Let’s talk wardrobe. I was thinking leather, spikes, that kind of thing. Animal skins? Huh. Let me guess, you know this guy from the renaissance festival…Yep. No, I agree, let’s support local artisans. You got it.

What other evil shit we can add in here…I like this demon guy on the album cover, we could have a huge shadow creeping up, or…a cardboard cutout, you say? Not exactly what I had in mind, but…yeah. I can come up with some stock footage of fire or lava or something to put behind it. Are you sure? Okay, great. As long as you’re happy, we’re happy. This video is gonna be a classic.

Bits and Pieces

•June 1, 2010 • Leave a Comment

I’ve accumulated a number of metal related tidbits over the past month, and that combined with three high-profile metal deaths this spring has compelled me to address it all in a crockpot-type post.

First, I’ll address the recent passing of three deeply entrenched members of the heavy metal community.

I was aware of Ronnie James Dio when I was a kid, watching his awesome/hilarious videos on MTV. If for some bizarre reason you haven’t seen the video for “Holy Diver”, do yourself a favor and watch in now. I didn’t fully appreciate his genius until later in life, when my own dedication to metal garnered more snickers than respect from my friends and colleagues. Dio was fully committed to metal in every possible way , and his contributions are too numerous to get into. I’ll leave the obit to the experts. For me, next to only Ozzy Osborne perhaps, he has to be the most influential metal vocalist ever.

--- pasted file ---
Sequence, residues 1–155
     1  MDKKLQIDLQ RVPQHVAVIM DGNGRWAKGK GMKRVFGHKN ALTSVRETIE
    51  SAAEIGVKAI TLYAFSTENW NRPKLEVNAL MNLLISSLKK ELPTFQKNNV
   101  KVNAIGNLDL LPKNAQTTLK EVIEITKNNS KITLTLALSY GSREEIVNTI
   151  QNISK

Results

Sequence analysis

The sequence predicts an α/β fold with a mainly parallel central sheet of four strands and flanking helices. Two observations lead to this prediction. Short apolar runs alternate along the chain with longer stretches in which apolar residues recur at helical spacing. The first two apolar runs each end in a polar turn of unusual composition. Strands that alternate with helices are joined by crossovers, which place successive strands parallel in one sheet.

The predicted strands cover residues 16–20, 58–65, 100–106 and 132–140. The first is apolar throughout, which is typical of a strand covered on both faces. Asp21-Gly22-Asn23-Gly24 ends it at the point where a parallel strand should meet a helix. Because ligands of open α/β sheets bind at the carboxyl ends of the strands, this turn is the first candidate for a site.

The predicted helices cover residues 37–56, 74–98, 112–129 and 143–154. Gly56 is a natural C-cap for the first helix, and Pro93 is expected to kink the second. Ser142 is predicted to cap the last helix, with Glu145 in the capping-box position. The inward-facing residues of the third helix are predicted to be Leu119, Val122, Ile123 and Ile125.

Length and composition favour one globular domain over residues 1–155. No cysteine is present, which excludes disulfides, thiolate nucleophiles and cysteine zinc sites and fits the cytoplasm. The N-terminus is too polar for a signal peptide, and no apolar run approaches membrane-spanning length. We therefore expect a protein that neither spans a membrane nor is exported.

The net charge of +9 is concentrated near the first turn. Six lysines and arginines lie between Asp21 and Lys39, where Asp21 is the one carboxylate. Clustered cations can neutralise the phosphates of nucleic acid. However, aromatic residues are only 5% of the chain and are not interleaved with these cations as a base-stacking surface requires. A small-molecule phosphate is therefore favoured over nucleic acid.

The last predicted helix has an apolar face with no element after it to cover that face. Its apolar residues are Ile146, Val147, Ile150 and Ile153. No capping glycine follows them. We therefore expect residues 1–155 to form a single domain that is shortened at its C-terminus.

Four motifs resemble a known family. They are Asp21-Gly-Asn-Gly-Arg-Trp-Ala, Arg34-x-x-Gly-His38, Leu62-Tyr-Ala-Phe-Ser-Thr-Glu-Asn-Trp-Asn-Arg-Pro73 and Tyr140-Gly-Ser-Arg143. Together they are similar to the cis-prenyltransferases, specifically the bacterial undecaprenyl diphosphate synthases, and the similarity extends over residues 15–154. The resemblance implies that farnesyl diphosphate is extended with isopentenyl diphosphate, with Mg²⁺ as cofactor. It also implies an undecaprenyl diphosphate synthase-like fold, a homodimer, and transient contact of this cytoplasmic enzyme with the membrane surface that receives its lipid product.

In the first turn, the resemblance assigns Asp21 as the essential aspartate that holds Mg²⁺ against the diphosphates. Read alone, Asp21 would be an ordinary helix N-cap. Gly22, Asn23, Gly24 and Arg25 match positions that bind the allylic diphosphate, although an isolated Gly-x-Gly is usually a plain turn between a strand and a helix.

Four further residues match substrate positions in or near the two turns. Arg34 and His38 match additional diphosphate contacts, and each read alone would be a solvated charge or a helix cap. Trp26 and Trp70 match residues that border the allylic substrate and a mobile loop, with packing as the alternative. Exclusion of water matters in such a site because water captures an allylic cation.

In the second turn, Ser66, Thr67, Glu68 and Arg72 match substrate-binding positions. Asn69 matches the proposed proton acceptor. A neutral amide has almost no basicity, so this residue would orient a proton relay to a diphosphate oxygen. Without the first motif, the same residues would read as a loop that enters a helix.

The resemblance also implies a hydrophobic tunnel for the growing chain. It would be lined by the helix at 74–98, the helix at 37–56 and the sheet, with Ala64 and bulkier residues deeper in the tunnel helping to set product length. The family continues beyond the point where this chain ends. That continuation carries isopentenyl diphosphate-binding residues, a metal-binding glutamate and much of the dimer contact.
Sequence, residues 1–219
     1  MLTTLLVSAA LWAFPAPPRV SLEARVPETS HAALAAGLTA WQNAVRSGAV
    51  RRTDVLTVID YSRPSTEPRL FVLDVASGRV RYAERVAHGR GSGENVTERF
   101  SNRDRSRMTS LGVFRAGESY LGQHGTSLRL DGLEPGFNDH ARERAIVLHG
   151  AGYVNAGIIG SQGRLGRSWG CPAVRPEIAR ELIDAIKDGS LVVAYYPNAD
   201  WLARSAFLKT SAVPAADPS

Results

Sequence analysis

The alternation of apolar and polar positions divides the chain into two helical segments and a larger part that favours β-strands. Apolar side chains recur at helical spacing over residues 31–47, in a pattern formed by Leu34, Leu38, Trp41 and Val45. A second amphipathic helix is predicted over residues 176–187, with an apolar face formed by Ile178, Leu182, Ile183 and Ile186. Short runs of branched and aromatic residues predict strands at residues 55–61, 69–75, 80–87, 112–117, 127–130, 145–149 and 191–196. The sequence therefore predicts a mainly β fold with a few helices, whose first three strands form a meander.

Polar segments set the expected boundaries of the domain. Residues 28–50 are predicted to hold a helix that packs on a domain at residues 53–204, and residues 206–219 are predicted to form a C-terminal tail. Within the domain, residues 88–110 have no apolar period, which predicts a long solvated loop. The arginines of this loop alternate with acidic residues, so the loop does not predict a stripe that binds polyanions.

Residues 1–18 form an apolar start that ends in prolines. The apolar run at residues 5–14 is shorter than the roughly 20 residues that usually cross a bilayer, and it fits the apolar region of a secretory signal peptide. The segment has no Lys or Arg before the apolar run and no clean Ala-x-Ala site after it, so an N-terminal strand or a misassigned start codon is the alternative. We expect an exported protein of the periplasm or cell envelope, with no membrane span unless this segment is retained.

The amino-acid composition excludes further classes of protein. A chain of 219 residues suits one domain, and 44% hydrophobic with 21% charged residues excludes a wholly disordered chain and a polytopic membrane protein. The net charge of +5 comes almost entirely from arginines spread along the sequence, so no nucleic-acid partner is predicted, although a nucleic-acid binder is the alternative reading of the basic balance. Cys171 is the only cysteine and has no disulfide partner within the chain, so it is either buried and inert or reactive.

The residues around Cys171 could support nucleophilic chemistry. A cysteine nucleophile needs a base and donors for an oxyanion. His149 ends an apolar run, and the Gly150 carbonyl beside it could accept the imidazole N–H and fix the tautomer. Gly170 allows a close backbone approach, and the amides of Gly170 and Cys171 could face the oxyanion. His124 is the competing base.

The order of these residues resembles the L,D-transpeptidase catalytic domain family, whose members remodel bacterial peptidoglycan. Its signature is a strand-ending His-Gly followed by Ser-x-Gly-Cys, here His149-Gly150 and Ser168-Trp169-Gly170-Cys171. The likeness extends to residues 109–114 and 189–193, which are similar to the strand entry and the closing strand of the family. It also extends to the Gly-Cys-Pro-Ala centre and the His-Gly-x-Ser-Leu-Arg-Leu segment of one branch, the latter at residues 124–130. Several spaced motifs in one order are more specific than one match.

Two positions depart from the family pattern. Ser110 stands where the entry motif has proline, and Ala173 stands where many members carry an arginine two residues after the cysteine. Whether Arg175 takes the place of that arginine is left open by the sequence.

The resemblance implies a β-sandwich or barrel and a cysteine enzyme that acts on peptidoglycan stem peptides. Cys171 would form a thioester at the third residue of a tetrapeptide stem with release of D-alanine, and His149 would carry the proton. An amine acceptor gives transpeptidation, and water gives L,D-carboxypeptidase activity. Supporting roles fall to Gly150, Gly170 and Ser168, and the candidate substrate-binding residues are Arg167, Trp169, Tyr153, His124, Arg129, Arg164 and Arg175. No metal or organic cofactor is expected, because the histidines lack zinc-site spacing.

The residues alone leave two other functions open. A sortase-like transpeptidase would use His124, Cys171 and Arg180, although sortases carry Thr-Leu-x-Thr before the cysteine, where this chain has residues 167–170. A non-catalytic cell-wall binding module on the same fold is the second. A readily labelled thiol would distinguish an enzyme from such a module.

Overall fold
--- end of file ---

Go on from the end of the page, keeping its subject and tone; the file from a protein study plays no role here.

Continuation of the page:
Which leads me to Peter Steele. I never got into Type-O Negative, although to be fair I never really heard anything of theirs until the last couple of years. I found their music intriguing, and after reading and hearing a few interviews with Mr. Steele, I’ve become more intrigued. I guess what I’m trying to say is that from my limited exposure, he seemed like a genuine talent and a an important part of metal’s growth as a genre.

Finally, Paul Gray, bassist for Slipknot. I’ve never liked Slipknot, not even a little bit. But musical taste aside, this guy seemed genuinely nice. Also, he was only two years older than me, and had at least one young child from what I’ve read. That makes it a little sadder for me.

Now, on to my random bits of stuff: